Letter R

The Definition of Recoil Pad

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Recoil Pad

A soft appendage, usually of some kind of rubber, often fitted to the butt end of a shoulder-mounted firearm to reduce the sensation of recoil. A recoil pad has the additional benefit of being less vulnerable to damage than a checkered wood butt or a brittle horn or plastic buttplate.


19 Other Firearms Definitions You Need To Know


Slug

More correctly a "rifled slug" or "shotgun slug." An individual cylindrical projectile designed to be discharged from a shotgun. The term is often incorrectly used to mean a Bullet.

Double Rifle

Two independent rifles, built on one frame, designed to allow two virtually instantaneously quick, totally reliable shots. The barrels may be arranged either side-by-side or over-and-under. The apogee of the gunmaker's art. Particularly useful against dangerous game, which may be moving, and in your direction, with vengeance on its mind.

Mirage

A tendency for layers of air of different temperatures near the warm ground to cause refraction in the line of sight and disturbance of the perceived point of aim.

Twilight Sight

A rifle front sight with a extra-large, folding bead. Typically, in addition to the normal fine bead (which allows for more precision) the larger bead, while at a cost of potential accuracy, is more readily acquired in marginal light. Also called a Gloaming sight

Adjustable Trigger

A trigger that can be easily adjusted by the user. Adjustable triggers are common on specialized target-shooting firearms.

Bolt Action

A type of firearm action in which the guns's bolt is operated manually by the opening and closing of the breech (barrel) with a small handle. As the handle is operated, the bolt is unlocked, the breech is opened, the spent shell casing is withdrawn and ejected, the firing pin is cocked, and finally a new round/shell (if available) is placed into the breech and the bolt closed.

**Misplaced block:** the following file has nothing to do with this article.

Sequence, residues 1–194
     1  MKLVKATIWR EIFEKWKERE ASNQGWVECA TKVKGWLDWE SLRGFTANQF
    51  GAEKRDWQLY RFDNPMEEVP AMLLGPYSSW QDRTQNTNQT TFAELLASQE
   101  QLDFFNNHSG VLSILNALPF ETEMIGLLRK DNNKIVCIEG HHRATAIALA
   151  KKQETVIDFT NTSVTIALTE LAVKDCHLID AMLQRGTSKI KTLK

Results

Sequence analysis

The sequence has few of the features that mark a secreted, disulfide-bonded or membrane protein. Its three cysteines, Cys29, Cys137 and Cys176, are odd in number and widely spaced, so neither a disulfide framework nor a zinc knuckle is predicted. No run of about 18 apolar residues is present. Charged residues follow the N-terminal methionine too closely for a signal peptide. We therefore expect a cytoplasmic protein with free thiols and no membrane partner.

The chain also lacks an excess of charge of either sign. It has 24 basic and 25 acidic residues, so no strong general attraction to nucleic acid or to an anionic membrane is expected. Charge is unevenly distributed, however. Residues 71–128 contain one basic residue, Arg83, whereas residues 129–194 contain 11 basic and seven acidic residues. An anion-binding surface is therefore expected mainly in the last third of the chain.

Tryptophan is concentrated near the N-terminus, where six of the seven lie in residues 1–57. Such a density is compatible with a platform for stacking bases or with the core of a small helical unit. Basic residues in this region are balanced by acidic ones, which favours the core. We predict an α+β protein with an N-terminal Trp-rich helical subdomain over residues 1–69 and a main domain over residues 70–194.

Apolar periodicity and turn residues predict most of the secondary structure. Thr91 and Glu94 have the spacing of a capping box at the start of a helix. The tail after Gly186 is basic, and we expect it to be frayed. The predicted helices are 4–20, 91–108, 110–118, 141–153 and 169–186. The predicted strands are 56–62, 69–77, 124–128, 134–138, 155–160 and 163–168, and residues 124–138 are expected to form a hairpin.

Eye Relief

The distance that equates the exit pupil size of a rifle scope's ocular lens to the entrance pupil of the user, in order to achieve the largest, unvignetted view. This distance must be sufficient to ensure that the ocular rim of the scope does not lacerate the shooter's eyebrow upon recoil. And, the scope should be positioned so that eye relief is suitable when the rifle is comfortably mounted.

Winchester Short Magnum

More commonly known as WSM, it is a family of centerfire cartridges designed by Winchester Repeating Arms Company

Floor Plate

The detachable plate at the bottom of the cartridge magazine.

Martini

A hammerless single shot action type whereby a breech-block, hinged at the upper rear, operated by an underlever, tilts downward to expose the chamber.

Patch

A small piece of leather or cloth. A patch can refer to the wadding used in loading a muzzle loading firearms or the piece of cloth used to clean a firearm bore.

Long Rifle

Typically used in the .22 caliber cartridge designation .22 Long Rifle, which is abbreviated .22LR.

Porting

Openings at the muzzle end of the gun through which some of the spent gases can escape. Porting reduces perceived recoil and lessens muzzle rise but increases the noise and flash.

Base Wad

The paper filler at the rear of the powder charge of the shotgun shell.

Ear Muffs

Hearing protection that completely covers both ears and is usually attached to a headband.

Chamber Throat

This is the area in the barrel that is directly forward of the chamber, which tapers to the bore diameter.

Bore

The tunnel down the barrel of a firearm through which the projectiles travel.

  • A smooth-bore firearm is one that does not have rifling on the barrel's internal surface.
  • A big-bore firearm is one that fires a large caliber.
  • A small-bore firearm is one that fires a small caliber.

Sniper Rifle

A specialized, highly accurate rifle, fitted with an optical sight used by military snipers to engage personnel and hard targets at long range.

Muzzleloader

The earliest type of gun, now also popular as modern-made replicas, in which blackpowder and projectile(s) are separately loaded in through the muzzle. The term is often applied to cap-and-ball revolvers where the loading is done not actually through the muzzle but through the open ends of the cylinder's chambers.